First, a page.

Ways to make pregnancy more comfortable

During pregnancy, one of the things you learn is to listen to and appreciate demands of your body. When a pregnant woman is hungry – she is starving, when she needs to sleep – she can fall into an exhausted sleep in most unlikely times and places, even if that is usually very uncharacteristic of her. Such basic urges become extreme, and if you ignore them they can wreck havoc with your body. So, try to sleep as much as your body demands and eat whenever you need to, don’t postpone your meals or rest.

Swimming or immersing yourself in water – helps against water retention, numbness, takes weight off the pelvis, can help the baby move into the head-down position, and just feels wonderful for all the lightness and buoyancy the water provides.

Walking helps with digestion and blood circulation. If your legs retain water (which occurs frequently in the third trimester) walking can help. I found walking to the beach (about 25 minutes), swimming (25 minutes to an hour), and walking back (another 25 minutes) to be a winning combination, but that was possible due to my close proximity to one of the Ottawa beaches and the later part of my pregnancy taking place during the summer. This routine can be modified to walk to a pool and back, assuming there is one near you.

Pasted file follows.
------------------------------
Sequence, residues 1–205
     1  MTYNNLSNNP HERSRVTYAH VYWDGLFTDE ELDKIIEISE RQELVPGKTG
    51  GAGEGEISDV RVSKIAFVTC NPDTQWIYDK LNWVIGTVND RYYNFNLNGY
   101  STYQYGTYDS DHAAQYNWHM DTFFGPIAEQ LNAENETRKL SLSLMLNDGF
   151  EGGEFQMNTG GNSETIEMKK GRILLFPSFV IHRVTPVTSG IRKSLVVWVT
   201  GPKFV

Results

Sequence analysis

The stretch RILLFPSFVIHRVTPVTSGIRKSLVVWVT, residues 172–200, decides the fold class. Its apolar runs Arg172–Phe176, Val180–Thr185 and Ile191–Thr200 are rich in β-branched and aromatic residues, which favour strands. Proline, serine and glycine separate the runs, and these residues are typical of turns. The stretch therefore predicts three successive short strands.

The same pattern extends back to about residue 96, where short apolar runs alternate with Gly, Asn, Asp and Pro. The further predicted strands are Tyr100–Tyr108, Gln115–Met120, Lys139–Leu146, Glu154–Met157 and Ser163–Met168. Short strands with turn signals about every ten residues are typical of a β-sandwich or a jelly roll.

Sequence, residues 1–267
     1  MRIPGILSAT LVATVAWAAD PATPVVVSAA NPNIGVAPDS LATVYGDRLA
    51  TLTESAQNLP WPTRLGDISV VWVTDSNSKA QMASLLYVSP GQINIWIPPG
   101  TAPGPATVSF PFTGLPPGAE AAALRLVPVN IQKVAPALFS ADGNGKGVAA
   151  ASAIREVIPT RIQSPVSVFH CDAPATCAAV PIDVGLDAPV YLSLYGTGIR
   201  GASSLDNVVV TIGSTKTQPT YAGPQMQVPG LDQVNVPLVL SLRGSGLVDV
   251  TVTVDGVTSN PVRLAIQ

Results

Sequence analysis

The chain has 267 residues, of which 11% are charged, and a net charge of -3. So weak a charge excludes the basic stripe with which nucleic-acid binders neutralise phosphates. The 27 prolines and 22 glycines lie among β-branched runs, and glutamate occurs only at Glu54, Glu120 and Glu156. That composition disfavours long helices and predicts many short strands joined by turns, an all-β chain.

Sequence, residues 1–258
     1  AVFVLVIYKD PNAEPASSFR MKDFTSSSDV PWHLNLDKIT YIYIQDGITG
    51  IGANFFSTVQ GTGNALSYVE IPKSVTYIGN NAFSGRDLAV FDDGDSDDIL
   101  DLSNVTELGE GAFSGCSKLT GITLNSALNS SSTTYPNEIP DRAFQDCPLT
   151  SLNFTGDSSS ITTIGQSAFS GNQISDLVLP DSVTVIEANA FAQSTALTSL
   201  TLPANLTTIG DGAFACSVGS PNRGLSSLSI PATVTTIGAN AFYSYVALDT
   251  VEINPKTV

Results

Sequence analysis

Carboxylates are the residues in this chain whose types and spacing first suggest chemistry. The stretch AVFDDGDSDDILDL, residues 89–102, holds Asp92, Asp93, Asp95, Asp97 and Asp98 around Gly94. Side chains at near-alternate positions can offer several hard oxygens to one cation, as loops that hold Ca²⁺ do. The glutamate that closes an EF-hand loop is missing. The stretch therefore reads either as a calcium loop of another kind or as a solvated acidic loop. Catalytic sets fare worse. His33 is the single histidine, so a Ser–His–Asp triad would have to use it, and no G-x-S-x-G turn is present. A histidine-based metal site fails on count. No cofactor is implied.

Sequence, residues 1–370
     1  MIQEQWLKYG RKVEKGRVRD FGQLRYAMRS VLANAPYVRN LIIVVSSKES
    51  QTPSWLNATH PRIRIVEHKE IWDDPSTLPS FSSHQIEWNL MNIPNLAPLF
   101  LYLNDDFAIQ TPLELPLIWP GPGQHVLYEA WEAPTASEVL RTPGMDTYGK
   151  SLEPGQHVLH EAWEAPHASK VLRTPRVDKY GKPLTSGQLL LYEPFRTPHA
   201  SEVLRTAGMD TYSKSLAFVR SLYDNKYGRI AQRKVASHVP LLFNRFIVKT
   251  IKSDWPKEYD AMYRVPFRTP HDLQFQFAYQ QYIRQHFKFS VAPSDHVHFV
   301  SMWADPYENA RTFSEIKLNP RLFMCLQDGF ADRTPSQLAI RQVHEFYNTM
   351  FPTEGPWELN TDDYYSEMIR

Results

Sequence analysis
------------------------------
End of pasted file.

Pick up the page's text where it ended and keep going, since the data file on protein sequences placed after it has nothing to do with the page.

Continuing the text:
Sleep – the first trimester is usually when the woman is the most tired. I used to collapse on the couch after work and sleep, although I normally can rarely nap during the day. The last trimester sometimes brings insomnia or restless sleep, due to all the discomforts of the pregnancy and worrying dreams that unfortunately replace all the sexually-charged dreams that are often present in the first and second trimesters. Babies also love to wait until you are lying down to start kicking, since you are not lulling them to sleep with motion. Sleep when you can where you can – you need all the energy to grow this new life.

Drink water – lots and lots of it. Drink before getting thirsty – thirst is a late sign of dehydration. Dehydration brings with it all kinds of nasty consequences: exhaustion, indigestion, and even contractions that can lead to premature labour. So drink lots of water.

Ginger candy – some people swear by them in that they help with morning sickness. I was not able to thoroughly test that since I managed to avoid this pregnancy bonus feature for the most part, but I found ginger candy generally helpful against nausea caused by motion sickness.